Robinson Crusoe

April 20, 2019 at 5:08 am (Education, Reviews) (, , , , , , , , )

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Title: Robinson Crusoe

Author: Daniel Defoe

The only memory I have of my father reading to me is when he read me Robinson Crusoe. I was ten. I don’t remember why, of all the moments, he chose to read this particular book to me – when I was already reading at a post collegiate level on my own and had been for awhile – when my sister and my mother had previously done most of the read-alouds in our family. Maybe it was good timing with work, maybe he was excited I was interested in it, who knows? Neither of us remembers at this point, twenty-five years later, but what we do know is this: It mattered.

So it was a pretty big deal to me when in February of 2018, I found myself in the car on a cross country road trip to the Creation Museum with my daughter, my dog, both my parents, and began reading Robinson Crusoe out loud in the car.

Robinson Crusoe was first published on April 25th, 1719, and even though we know it to be a novel now in 2019, it still has elements that lead first time readers to believe it to be a true account of a man’s travels. It was mistaken as such during its early release, an intentional marketing ploy by Daniel Defoe, because even in the 1700’s, sensational stories are sold most efficiently if we think they’re real. Look at James Frey and his Million Little Pieces “memoir.”

The first edition of the book touted Robinson Crusoe as both author and protagonist, but now we know that Crusoe is merely a character. In my personal opinion, not even the best character, I have always been most drawn to Friday.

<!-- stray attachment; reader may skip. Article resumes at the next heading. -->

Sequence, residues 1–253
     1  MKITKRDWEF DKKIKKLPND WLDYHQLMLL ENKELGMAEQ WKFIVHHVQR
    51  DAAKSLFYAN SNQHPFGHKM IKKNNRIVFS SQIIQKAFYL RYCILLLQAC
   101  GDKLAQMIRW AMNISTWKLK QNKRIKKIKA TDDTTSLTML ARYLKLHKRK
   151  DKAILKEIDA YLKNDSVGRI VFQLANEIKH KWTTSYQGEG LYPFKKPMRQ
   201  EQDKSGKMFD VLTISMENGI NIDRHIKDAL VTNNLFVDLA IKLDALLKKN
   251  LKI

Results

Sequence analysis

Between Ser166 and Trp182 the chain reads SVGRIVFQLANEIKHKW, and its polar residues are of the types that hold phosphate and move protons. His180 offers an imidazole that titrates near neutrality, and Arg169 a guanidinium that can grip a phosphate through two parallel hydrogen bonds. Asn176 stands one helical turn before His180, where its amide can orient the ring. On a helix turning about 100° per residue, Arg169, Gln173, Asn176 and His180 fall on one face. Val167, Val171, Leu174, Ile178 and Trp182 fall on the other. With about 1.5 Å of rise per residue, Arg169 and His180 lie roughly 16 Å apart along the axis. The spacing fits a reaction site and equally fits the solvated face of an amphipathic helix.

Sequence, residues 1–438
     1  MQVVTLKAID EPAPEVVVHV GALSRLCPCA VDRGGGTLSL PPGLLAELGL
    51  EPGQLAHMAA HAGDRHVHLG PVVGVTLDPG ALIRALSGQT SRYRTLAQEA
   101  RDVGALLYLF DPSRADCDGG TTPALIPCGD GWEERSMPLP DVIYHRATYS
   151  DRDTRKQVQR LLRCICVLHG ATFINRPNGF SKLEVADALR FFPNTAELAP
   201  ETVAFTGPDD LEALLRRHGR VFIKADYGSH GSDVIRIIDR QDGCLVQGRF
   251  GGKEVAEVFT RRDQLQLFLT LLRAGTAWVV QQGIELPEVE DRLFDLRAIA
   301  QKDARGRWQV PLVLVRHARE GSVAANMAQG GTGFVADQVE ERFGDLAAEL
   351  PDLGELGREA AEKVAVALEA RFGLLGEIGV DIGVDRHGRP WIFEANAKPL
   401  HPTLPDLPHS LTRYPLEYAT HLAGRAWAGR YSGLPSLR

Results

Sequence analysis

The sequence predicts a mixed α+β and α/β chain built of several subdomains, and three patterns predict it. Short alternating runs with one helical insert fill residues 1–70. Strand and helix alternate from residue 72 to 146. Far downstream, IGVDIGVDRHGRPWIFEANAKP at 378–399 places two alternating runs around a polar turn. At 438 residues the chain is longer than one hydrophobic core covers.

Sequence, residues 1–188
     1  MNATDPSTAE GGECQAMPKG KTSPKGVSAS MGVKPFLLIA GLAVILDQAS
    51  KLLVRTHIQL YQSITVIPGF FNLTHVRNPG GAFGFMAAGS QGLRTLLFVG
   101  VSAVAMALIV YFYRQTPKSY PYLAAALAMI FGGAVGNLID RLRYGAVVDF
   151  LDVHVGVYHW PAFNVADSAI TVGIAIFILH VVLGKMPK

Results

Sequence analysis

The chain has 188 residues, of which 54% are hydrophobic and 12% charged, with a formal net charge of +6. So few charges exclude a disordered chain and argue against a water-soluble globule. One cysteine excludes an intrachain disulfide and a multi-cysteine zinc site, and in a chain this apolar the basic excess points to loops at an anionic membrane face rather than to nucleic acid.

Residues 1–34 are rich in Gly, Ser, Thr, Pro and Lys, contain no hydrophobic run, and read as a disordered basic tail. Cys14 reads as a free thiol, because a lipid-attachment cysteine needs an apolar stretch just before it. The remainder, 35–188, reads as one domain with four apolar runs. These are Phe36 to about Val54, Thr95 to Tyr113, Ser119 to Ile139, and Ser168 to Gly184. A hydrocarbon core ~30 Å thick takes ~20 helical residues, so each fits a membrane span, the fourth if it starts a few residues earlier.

There are many things inherently wrong with Robinson Crusoe if you look at the story from twenty-first century eyes: Robinson Crusoe works hard and then God blesses him to become a king-like fellow. One, that’s just not how God works, and many 1700’s boys and girls were then encouraged to be like Crusoe with this lordship at motivation. Two, it highlights the slave trade, and if you ask most modern Americans they’ll tell you this is a story of white supremacy, white privilege, oppression of all others, etc. etc.

Despite these hang ups, I love it. I think it’s a story that starts conversations. We need to be having conversations with our kids. What makes a protagonist? What makes a hero? What’s right? How do you feel about Crusoe and Friday’s relationship? Do you think this is appropriate? Do you think its duplicatable? Should it be duplicatable?

Kiddo was only seven when we read this together, but I think she got a lot of out of it and it definitely gave us a better view of the 1700’s as we studied all aspects of history. We got to the travel the world through the eyes of an author who lived during the times, and whether his worldview was good or bad, right or wrong, Defoe described it all vividly.

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